We weren’t sure at first what to think of the news last week that Simon Property Group sold its 15% share in Circle Centre Development Co., the firm that operates Circle Centre Mall.
After all, Indianapolis-based Simon is the nation’s retail property specialist. So it seemed like just another blow for the 27-year-old mall that Simon would no longer be involved.
But that doesn’t appear to be the case. With the announcement that Simon had exited came news that the remaining owners are seeking ideas for redevelopment of the site from five architectural groups. And an attorney representing those remaining owners indicated that the Simon sale was mutual and necessary for a revamp to move forward.
We’re over the moon about that prospect.
Circle Centre was a hugely successful downtown development for years—outlasting similar projects in many cities. But changes in retail began eating away at its viability. Over the past decade, the mall has lost its anchors along with a number of higher-end stores. And while the addition of restaurants and bars around the exterior helped keep the mall’s finances in the black, Circle Centre long ago lost its luster.
Regular readers know IBJ has been harping on that fact for several years out of concern that the mall’s deterioration could lead to a larger deterioration of downtown. As it did across the country, the pandemic helped push those concerns to the forefront.
So we are excited that Circle Centre Development is working on a rethink of the space, which encompasses two full city blocks, several historic buildings and facades, and newer structures built for the mall. We urge the firm to be bold.
It’s a complicated proposition. As you’ll read in Mickey Shuey’s story on page 1A, the city actually owns the land under the mall as well as the parking garages and the building that until 2018 housed Carsons department store. It leases those to Circle Centre Development. And some of the buildings that have been essentially incorporated into the space—including the one that houses St. Elmo Steak House—are separately owned.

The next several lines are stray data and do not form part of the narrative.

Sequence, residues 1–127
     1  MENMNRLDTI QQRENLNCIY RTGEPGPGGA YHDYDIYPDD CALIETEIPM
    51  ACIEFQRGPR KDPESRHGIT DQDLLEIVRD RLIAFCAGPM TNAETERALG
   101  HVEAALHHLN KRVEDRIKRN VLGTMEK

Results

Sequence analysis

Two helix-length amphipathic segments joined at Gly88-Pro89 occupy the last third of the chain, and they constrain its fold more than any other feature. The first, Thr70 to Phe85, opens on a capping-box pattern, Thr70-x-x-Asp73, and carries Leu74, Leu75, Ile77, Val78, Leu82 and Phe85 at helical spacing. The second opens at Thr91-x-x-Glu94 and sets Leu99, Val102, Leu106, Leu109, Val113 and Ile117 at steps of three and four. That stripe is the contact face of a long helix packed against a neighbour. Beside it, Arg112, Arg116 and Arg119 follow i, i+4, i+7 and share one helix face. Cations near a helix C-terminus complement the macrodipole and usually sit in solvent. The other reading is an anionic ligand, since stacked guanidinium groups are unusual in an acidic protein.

And Circle Centre Development is itself unusual. It has 17 owners, all companies with some tie to Indianapolis. There were actually 20 owners when the mall opened in 1995, but some have pulled out or been consolidated into other companies. As of this writing, Circle Centre Development had declined IBJ’s request to provide a list of the current ownership. (Editor’s note: On Friday, Circle Centre Development released a list of its owners. You can see the list here.)
Regardless, we feel confident the owners are excited about the possibilities the Circle Centre space offers for downtown. We expect whatever results to include housing, some retail and office spaces, and maybe entertainment or a hotel.
But what do you think?
While the design groups chosen by Circle Centre Development are preparing their ideas, we want you to give us yours. We’ll follow up in a few weeks with a story about what you had to say, what themes emerged and what types of projects seem feasible.
Go to ibj.com/circle-centre-ideas to share your thoughts. We can’t wait to read them.•
To comment, write to email@example.com.